A summary of Wiesel's Nobel Peace Prize acceptance speech in just three sentences is tough—even more so when asked to avoid providing specific details. Below you'll find an example of one way you could fulfill this assignment, although these sentences might be a little more crowded than would be ideal. Be sure to aim for clarity and conciseness when you write your own summary.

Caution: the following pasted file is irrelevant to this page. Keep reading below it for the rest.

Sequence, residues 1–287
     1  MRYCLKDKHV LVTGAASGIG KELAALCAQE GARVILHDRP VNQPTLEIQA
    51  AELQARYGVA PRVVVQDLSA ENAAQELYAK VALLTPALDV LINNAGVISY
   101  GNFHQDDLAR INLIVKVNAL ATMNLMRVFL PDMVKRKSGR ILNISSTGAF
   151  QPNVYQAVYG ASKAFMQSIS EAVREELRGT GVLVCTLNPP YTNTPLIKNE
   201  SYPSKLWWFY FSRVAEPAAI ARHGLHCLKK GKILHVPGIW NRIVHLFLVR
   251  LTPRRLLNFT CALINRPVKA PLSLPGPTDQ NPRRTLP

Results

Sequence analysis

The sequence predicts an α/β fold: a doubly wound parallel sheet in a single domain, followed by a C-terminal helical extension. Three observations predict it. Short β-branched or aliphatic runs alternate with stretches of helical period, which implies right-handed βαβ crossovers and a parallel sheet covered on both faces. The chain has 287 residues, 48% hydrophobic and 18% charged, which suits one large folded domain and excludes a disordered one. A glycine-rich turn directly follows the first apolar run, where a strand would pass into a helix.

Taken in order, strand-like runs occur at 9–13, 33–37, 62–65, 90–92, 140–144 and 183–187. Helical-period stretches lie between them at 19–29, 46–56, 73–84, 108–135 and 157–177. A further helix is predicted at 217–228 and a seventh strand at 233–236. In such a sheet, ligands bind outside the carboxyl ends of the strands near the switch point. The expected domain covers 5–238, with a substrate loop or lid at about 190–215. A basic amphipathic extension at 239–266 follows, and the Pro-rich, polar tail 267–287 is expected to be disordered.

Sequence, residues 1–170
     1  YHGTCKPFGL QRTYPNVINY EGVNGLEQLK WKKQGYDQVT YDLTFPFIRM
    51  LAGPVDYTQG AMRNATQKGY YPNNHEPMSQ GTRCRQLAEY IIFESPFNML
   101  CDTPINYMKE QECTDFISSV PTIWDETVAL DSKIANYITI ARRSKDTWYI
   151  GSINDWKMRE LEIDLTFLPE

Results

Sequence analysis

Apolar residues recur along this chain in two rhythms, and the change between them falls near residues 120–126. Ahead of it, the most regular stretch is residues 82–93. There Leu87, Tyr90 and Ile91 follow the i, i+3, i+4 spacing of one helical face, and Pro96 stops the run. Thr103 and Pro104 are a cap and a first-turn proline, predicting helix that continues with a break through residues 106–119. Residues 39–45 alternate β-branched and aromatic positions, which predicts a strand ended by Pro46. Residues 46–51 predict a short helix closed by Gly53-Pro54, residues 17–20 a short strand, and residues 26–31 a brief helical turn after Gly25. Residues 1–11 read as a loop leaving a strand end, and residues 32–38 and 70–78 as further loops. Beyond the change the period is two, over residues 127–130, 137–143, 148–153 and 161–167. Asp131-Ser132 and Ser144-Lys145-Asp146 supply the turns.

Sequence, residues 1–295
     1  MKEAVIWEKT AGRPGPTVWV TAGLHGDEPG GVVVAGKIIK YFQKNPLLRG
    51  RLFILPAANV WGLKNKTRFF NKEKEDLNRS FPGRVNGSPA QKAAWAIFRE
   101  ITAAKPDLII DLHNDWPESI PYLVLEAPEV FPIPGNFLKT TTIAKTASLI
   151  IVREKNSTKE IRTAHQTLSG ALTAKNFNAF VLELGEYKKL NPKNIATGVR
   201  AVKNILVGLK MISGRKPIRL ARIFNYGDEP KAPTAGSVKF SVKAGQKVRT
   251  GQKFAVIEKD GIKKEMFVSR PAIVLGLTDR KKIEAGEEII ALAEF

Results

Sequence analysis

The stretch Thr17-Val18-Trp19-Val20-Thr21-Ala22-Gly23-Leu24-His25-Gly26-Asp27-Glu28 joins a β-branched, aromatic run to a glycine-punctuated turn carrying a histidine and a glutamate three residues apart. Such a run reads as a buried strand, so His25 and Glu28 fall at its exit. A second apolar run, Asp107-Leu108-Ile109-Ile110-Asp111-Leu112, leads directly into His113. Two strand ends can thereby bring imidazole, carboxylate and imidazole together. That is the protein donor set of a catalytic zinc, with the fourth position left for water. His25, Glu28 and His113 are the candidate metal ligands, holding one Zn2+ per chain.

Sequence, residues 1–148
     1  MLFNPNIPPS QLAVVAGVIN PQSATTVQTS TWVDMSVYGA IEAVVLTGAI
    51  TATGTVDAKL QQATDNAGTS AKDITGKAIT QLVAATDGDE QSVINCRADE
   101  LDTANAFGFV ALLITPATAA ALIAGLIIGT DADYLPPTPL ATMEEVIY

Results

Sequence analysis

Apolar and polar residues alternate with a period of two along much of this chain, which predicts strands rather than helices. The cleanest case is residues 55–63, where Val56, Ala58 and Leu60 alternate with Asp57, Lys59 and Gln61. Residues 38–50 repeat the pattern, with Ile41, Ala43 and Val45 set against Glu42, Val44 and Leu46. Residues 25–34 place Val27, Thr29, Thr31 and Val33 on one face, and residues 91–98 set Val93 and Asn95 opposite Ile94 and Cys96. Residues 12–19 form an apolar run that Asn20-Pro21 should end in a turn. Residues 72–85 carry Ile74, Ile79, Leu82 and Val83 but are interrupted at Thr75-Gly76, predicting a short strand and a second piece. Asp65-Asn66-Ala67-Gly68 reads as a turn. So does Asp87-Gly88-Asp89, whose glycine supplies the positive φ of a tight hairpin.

In terms of his arrangement of ideas, Wiesel starts by commemorating all the victims of the Holocaust, on whose behalf he accepts the award, before recounting a little of his own personal experience, commenting on the importance of remembering the past and calling attention to contemporary examples of injustice and then, finally, calling upon people to keep fighting for justice. In broad terms, Wiesel begins with personal thoughts and reflections before broadening out to general principles and global examples. Wiesel's main arguments are that remembering atrocities is the best way to heal wounds and prevent future atrocities and that the individual can make a huge difference if they stand up for what is right, rather than allowing injustice and prejudice to go unchallenged.